The genomic 'inner fish' and a regulatory enigma in the vertebrates

Journal of Biology20098:32

DOI: 10.1186/jbiol131

Published: 16 April 2009


Information on how genomic information from fish to human encodes the same tissues has until now emerged one gene at a time. The study published in this issue now provides lists of genes and their expression levels for 20 vertebrate tissues spanning 450 million years of vertebrate evolution. It reveals a core set of genes with similar tissue-expression patterns yet no common regulatory signatures – a gene-expression paradox.


Even before the origin of species by descent from a common ancestor was posited, it was realized that groups of animals had related morphologies. Georges Cuvier, the father of comparative anatomy, viewed anatomical structures though the lens of form and function. Similar looking anatomical structures should have similar function, and anatomy could be used diagnostically to group organisms – a theory he termed "the correlation of parts" [1]. A famous story illustrates the idea. One of Cuvier's students dressed as the Devil with horns on his head and hoof-shaped shoes burst into Cuvier's bedroom when he was asleep and said, "I am the Devil. I have come to devour you!" Cuvier woke up and replied, "I doubt whether you can. You have horns and hooves. You eat only plants."

The relationship between form and function during evolution is a classic problem in biology. Yet to fully understand form and function at the level of anatomy and how those anatomical features change over time, it is important to probe the proximate mechanisms that create adult anatomy. It was therefore only natural that embryology became such an important tool. Karl Ernst von Baer showed that nearly all organs and tissues were derived from the same embryonic layers in practically all animals. This similarity, an instructional 'inner fish', implies that core processes shared among all vertebrates shape much of ontogeny and ultimately adult anatomy [2].

DNA sequencing and the understanding that changes in sequence can also be used to deduce the relatedness of species marks another important landmark in the history of science. Conservative and non-conservative changes to codons have been a boon in understanding the influence of selection and chance on evolution. The form and function of vertebrate tissues and organ systems are a thought-provoking tour of the inner workings of organisms. Understanding what genes are deployed in a tissue- or organ-specific manner and across a variety of divergent species will be as valuable to our understanding of evolutionary processes and will inform us about what parts of the gene expression networks in an organism of particular interest, such as humans, have core functionality.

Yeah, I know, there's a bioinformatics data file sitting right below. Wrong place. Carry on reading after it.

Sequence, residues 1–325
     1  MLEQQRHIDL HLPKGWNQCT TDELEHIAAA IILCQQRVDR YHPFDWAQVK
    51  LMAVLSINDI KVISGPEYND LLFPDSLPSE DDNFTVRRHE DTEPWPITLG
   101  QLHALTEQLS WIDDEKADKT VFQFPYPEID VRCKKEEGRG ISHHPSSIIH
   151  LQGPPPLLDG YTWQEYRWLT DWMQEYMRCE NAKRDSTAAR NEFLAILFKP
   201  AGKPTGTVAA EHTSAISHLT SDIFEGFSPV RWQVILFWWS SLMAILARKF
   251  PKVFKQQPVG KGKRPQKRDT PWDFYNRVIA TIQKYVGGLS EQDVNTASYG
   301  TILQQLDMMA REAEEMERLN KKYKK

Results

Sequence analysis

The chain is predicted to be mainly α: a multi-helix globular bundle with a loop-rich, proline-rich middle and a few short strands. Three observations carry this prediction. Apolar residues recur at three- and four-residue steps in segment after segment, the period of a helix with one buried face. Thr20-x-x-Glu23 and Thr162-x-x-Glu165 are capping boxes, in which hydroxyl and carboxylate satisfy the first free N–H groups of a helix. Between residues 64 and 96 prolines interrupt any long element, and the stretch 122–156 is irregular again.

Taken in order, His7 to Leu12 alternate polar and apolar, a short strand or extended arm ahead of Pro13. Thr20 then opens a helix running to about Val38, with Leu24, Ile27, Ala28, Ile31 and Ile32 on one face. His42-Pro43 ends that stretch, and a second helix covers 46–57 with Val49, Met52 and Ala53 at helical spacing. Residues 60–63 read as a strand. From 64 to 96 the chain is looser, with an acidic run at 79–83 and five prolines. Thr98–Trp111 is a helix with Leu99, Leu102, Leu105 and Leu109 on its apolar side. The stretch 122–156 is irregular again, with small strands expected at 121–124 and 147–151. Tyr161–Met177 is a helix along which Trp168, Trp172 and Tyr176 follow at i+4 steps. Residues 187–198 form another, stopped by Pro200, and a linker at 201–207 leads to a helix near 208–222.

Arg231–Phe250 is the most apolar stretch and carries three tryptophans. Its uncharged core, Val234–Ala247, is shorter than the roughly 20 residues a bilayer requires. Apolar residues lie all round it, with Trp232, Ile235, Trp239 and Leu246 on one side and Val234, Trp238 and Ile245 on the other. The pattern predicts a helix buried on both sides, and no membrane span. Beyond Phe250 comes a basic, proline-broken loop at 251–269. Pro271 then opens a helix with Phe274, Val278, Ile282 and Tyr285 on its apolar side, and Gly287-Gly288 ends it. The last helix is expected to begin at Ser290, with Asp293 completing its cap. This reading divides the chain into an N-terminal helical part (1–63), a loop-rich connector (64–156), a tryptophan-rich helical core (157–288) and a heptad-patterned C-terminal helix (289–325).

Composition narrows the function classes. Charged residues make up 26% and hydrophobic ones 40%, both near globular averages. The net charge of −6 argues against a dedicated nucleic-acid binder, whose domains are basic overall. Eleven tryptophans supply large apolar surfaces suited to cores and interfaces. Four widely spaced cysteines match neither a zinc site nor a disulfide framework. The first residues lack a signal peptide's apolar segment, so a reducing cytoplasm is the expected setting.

In this issue, Chan et al. [3] dissect the inner workings of vertebrate tissues and organs with a genomic scalpel and show that gene-expression profiles of orthologs are correlated.

These data strongly suggest that both genes and gene-expression networks are derived from common ancestral genes and gene-expression networks. While maybe not surprising, this is important genomic confirmation of what comparative anatomists and embryologists have long described and believed. More important, these datasets are harbingers of the more quantitative and qualitative comprehensive description of morphology, a more theoretically grounded understanding of evolutionary processes that will follow. As pointed out by the authors, the contribution of selection and random drift in gene-expression profiles remains unclear. The theoretical framework for finding meaning in comparative gene-expression and network topology data is still in its infancy [4]. These studies will provide the basis for a revolution in our understanding of evolution of gene-expression networks that is likely to thematically recapitulate the study of DNA sequence change in protein-coding regions.